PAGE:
Anyone who doubts that the social psychologists of our great nation are underemployed will want to wait for the new issue of the Journal of Experimental Social Psychology, which will soon publish a paper called “Appearance-based Politics.” Out at UCLA, a few graduate students with nothing better to do collected photographs of all 435 members of the House of Representatives. Then they ran the photos through a software program called FaceGen Modeler using the Photo Fit Tool, which is not to be confused with the Gender Morph Tool, though they used the Gender Morph Tool too.
Why would they do such a thing? Because they wanted to judge the “sex typicality” of each politician’s “facial cues.” Couldn’t they have just gone to the beach?
As it happens, the scholars discovered that Republican female House members were more likely than their Democratic counterparts to have a “face that reflects gender norms,” or, to put it another way, to have “stereotypically feminine facial features,” or, to put it still another way, to be better looking. The difference from one side of the aisle to the other was so pronounced that a group of undergraduates were able to correctly identify many politicians as Republicans or Democrats on the basis of looks alone.
The researchers festoon their paper with an intimidating array of the hiero-glyphs of modern social science: regressions and slopes and equations modeling hierarchical data into mediated pathways—enough scribbles to fill the walls of the grandest pharaoh’s tomb. These won’t satisfy the more cynical laymen, who might wonder why we need social psychologists to tell us the difference between the party of John Thune and Kelly Ayotte and that of Harry Reid and Barbara Mikulski.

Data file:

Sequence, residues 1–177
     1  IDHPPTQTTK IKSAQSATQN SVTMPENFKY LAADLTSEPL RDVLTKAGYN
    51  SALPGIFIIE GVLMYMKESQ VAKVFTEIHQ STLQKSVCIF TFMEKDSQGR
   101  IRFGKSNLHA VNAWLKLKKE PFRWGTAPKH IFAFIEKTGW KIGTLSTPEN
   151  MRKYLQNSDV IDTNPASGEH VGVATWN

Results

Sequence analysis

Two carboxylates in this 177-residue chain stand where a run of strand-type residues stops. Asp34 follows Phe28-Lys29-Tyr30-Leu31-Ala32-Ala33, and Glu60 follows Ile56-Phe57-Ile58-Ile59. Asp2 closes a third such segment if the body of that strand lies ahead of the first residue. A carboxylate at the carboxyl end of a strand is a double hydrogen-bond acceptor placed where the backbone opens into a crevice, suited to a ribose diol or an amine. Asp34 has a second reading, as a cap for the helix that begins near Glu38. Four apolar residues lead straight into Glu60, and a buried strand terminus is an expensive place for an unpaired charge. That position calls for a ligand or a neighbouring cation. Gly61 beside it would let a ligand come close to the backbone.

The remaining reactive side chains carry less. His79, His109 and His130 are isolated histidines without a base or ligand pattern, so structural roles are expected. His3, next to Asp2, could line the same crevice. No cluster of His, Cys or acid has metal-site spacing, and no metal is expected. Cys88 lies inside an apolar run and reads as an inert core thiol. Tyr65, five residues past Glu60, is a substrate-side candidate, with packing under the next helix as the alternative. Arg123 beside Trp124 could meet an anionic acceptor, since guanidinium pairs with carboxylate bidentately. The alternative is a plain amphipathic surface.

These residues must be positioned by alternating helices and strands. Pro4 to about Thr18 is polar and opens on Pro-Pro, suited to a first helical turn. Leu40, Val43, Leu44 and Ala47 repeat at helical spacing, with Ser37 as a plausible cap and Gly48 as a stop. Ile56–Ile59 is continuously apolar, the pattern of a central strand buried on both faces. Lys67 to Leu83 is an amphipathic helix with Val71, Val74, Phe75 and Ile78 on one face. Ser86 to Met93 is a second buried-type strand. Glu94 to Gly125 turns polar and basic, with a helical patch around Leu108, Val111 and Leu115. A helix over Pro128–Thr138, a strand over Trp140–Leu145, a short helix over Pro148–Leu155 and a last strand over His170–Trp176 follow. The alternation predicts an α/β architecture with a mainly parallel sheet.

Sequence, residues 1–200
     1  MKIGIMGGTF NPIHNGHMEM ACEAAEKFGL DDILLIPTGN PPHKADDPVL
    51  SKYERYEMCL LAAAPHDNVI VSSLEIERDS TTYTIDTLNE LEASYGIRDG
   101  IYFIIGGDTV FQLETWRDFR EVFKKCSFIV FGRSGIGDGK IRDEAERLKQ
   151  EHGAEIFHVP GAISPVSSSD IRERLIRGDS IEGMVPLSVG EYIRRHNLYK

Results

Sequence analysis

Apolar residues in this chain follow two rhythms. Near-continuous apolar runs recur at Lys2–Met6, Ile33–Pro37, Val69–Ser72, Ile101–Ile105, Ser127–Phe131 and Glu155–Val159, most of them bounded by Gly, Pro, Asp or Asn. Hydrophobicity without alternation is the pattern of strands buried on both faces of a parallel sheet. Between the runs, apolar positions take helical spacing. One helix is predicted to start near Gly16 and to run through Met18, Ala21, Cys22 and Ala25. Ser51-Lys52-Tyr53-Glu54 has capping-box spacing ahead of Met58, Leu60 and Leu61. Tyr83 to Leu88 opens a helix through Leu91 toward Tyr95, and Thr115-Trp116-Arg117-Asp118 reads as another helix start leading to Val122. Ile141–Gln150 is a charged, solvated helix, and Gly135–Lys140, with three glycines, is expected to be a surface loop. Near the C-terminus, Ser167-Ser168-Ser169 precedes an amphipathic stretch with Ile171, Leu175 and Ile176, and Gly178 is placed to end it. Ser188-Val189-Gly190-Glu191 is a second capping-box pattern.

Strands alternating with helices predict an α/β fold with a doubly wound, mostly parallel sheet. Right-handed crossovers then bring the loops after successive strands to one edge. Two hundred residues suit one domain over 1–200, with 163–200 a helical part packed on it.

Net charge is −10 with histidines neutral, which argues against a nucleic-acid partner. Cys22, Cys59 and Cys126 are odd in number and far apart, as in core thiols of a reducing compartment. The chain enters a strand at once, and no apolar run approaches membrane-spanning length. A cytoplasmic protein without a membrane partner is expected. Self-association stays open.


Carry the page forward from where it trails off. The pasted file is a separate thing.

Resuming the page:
More interesting are the many buried assumptions in the paper and its methodologies. The researchers reached the conclusion that Republicans are prettier than Democrats because Democrats aim “to diminish gender disparities (e.g. women’s rights, abortion rights)” while Republican politicians “bolster traditional sex roles” with policies like “military spending [and] national defense.” Among Republicans, “feminine women are highly regarded,” and feminine women are, according to the researchers, “stereotypically feminine.” Thank God for social science.
We wish the paper’s premises and explanations were more coherent than this, but they aren’t. Besides, isn’t there something vaguely sexist in the conclusion that women who like a big Pentagon budget are more likely to be, in the outmoded phrase of David Letterman, babelicious? Or that women who advocate positions that the researchers find congenial—“women’s rights”—are more likely to be, as it were, Rosa DeLauro? Perhaps the next step in UCLA’s research can be a study called “The Dumb Blonde Hypothesis: A Reappraisal.” The researchers will find all the subjects they need the next time they head to the beach.